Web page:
“We have a problem holding up as a model for the Christian life, and when you become a priest and are ordained –and that comes with the calling that you must be an example with the Christian life — we object of that lifestyle being help up as a model for the Christian life, “ says Nyhan.

Nyhan says the rift is not just about the homosexual issue. He says the House of Bishops, which presides over all churches in the United States, is not following the guidance of the Holy Scriptures.

“In our seminaries they have taught a very liberal and deconstructed understanding of what scripture is, and what they have done is stripped it of having any authority. They’ve rendered the scriptures of being an uninspired book.”

Nyhan, along with other church leaders, urged Central Florida Bishop John Howe to oppose changes and keep the diocese on a more traditional course, but the bishop decided to side with the church’s current path in the spirit of reconciliation. Nyhan says the decision left him with no other option.

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Posted in * Anglican - Episcopal, Episcopal Church (TEC), TEC Conflicts, TEC Conflicts: Central Florida

Kerry Laments Faith Missteps in 2004 Race

In 2004, then-presidential candidate Sen. John Kerry, D-Mass., didn’t make his religious background and convictions clear to the public, he said Thursday, and paid a price for it.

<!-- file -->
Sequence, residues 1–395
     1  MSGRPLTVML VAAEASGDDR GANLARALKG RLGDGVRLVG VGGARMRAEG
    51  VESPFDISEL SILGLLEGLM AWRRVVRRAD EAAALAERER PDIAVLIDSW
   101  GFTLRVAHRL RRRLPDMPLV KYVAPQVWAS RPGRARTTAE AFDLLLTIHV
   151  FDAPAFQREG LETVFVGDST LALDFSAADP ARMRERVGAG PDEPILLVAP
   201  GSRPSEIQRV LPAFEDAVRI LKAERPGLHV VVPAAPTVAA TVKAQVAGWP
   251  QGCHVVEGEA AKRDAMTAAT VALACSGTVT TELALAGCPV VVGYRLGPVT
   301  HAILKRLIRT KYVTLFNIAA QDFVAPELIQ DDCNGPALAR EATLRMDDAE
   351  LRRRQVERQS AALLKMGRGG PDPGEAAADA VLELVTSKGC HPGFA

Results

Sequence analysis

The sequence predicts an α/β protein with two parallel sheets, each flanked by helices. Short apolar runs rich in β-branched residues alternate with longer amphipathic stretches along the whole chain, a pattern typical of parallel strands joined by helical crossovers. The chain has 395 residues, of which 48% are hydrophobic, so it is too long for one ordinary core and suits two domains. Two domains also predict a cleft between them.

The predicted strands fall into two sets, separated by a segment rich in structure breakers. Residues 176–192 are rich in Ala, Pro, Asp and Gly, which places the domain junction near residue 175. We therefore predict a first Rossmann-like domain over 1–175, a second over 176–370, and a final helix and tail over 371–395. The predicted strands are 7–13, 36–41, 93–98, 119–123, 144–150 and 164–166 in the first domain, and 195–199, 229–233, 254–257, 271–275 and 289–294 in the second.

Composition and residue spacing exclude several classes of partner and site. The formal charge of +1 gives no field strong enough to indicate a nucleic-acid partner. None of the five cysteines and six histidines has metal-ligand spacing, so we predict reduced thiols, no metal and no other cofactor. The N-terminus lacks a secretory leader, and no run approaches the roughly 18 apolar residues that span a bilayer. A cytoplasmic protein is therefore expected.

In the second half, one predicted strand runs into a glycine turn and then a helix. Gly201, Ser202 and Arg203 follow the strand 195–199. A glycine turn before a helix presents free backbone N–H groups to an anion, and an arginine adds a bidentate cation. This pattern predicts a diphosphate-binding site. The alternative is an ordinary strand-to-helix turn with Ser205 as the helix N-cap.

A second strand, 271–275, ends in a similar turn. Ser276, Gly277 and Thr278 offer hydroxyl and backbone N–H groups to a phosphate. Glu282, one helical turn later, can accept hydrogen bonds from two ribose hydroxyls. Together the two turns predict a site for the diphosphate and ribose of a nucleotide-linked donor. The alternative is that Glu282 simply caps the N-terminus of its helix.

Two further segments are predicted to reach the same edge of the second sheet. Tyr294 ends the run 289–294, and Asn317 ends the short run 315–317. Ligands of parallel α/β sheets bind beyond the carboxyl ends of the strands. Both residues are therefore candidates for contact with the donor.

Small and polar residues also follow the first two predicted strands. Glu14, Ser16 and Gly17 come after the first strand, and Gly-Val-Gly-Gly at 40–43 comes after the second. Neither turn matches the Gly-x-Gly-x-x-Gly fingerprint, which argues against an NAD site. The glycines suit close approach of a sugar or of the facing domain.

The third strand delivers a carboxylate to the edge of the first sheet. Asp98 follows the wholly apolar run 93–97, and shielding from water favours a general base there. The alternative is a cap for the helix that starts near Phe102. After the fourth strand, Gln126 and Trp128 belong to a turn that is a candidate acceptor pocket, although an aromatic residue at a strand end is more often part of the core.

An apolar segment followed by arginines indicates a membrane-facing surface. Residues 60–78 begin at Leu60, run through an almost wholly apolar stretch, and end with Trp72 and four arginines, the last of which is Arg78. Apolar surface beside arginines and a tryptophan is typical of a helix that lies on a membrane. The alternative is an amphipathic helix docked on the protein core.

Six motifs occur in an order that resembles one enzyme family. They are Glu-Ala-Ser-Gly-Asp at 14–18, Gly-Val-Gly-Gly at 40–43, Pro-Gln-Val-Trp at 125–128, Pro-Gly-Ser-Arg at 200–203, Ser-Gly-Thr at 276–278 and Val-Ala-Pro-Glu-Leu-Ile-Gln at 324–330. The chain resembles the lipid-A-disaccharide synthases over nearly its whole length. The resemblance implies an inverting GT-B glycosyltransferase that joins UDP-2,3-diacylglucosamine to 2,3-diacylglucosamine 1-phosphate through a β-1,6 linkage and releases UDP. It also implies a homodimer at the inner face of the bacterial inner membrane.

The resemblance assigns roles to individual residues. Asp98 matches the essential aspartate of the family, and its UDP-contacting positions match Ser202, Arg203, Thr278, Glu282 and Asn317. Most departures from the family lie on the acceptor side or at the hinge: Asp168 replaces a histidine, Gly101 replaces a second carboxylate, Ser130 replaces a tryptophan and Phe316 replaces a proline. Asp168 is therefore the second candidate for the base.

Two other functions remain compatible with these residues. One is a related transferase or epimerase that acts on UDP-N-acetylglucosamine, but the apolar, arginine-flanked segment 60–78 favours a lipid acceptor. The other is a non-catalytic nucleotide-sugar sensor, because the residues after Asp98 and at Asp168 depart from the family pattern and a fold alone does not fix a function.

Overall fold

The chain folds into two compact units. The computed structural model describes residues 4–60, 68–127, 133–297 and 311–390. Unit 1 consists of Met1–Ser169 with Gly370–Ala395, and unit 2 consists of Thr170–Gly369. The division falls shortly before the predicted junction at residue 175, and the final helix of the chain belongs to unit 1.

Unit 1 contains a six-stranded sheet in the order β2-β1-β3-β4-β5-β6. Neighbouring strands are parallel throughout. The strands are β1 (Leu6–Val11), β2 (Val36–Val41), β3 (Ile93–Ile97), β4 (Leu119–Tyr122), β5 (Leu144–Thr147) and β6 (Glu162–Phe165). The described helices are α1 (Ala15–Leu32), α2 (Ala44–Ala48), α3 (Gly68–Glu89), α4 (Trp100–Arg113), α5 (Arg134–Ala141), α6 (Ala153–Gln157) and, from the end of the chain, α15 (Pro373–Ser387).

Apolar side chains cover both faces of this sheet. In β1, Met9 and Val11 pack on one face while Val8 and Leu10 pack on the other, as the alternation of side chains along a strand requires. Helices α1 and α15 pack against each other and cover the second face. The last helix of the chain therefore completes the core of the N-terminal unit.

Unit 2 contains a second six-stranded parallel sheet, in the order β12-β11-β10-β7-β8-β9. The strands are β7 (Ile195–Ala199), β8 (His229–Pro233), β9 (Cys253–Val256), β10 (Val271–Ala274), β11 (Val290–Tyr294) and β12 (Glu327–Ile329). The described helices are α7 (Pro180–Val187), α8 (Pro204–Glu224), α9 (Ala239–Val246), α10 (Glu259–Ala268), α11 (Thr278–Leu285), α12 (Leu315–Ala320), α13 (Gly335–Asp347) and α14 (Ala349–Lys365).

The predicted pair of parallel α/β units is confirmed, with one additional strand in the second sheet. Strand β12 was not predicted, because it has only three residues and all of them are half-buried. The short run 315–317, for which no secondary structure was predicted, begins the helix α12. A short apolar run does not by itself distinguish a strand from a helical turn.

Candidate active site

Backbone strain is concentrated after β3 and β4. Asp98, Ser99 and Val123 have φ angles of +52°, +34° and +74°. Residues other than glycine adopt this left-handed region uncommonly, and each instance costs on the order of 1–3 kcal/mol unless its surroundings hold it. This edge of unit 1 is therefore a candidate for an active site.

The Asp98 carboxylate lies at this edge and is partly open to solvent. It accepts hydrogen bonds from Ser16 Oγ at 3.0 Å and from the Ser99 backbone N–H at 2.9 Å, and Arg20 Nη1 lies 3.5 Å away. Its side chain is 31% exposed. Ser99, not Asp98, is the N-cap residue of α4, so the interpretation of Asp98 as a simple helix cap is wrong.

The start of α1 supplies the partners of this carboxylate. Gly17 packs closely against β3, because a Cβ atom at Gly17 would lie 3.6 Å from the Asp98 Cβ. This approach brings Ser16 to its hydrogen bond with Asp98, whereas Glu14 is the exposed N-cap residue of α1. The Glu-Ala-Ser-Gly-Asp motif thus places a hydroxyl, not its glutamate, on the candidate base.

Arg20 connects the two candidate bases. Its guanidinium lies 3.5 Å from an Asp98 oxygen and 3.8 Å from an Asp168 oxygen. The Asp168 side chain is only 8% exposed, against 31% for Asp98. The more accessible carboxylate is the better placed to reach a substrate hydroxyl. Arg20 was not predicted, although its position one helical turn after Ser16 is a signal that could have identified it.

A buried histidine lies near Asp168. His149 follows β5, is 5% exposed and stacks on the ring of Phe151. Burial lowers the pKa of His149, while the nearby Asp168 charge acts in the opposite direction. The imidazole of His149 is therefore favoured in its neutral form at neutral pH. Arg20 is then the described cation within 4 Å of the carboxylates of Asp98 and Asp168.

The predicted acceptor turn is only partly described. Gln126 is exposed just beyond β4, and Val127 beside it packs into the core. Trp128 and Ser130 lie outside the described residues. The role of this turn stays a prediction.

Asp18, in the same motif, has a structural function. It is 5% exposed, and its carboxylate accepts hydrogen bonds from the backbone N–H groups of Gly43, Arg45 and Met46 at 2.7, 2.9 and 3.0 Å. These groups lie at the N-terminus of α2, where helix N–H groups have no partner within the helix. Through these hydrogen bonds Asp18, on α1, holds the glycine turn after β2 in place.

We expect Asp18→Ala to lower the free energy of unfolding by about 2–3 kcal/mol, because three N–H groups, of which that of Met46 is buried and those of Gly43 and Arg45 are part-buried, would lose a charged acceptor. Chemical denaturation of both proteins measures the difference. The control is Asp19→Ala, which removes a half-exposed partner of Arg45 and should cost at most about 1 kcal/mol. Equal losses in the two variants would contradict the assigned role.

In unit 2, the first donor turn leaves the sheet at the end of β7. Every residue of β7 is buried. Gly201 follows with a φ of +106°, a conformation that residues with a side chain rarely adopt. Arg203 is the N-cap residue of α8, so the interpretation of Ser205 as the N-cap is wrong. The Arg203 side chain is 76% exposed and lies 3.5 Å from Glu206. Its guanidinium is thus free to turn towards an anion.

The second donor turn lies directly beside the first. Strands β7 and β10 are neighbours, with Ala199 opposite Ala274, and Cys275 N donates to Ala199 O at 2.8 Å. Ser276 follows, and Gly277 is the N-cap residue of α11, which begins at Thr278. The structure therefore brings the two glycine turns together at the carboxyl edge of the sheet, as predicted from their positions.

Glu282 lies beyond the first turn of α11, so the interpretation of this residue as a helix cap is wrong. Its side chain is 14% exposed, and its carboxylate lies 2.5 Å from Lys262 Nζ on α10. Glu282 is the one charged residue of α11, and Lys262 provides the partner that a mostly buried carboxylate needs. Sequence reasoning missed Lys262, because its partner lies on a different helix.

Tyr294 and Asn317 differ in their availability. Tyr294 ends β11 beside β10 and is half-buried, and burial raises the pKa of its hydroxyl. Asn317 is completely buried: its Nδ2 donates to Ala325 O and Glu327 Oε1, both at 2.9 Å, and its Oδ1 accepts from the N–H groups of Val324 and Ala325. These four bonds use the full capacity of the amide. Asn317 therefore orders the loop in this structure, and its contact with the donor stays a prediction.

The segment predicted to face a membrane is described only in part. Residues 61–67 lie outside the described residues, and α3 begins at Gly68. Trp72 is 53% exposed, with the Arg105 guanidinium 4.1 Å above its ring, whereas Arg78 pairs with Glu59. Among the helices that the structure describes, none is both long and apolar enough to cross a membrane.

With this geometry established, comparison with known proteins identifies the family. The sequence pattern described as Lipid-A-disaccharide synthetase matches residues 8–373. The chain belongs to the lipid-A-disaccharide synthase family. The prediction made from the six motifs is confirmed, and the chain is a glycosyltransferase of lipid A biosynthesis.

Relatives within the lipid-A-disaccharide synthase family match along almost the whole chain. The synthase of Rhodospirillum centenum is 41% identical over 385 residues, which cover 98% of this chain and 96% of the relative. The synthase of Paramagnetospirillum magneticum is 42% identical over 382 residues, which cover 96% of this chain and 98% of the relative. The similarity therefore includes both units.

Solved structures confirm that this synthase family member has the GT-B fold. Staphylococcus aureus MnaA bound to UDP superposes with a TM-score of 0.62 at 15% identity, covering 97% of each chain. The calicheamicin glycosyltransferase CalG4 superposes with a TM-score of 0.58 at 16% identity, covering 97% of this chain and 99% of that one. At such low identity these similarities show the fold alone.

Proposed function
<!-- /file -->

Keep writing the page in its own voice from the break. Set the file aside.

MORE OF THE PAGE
“The challenge for anyone running for president is how to explain who they are … I could have done a better job of that, and probably should have,” Kerry said at a session hosted by the Pew Forum on Religion & Public Life.

Looking back on his own journey of faith, experience on the campaign trail and religious studies since the 2004 election, Kerry outlined his mistakes and mapped out areas of common ground for religious liberals and conservatives.

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Posted in * Culture-Watch, * Economics, Politics, Religion & Culture

From the Local Paper: Some National Episcopal leaders visit the diocese of South Carolina

“Is God calling us to a new understanding of human sexuality?”

That’s the been the key question ever since Gene Robinson, an openly gay man, was confirmed as bishop in the Episcopal Church, according to the Rev. Frank Wade of Washington, D.C.

Wade was chaplain to the House of Deputies when the General Convention consented to Robinson’s election as bishop of New Hampshire in 2003. He spoke Saturday to about 150 people attending a conference at the Middleton Place conference center sponsored by the Episcopal Forum of South Carolina. The conference was organized to urge the local diocese to remain active in the Episcopal Church.

“God does call us to new understanding,” Wade said. “It’s a possibility.”

So let me get this straight. It is a possibility. Ah. But then we approve of it in our highest office, that of bishop, and we do so in practice without even settling the theological questions involved. All based on a possbility? Nonsense. The national leadership is acting on what they believe is a certainity. God is doing a new thing, we were told in Minneapolis. Again, the message of the leaders and their actions do not compute.

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Posted in * Anglican - Episcopal, * South Carolina, Episcopal Church (TEC), TEC Conflicts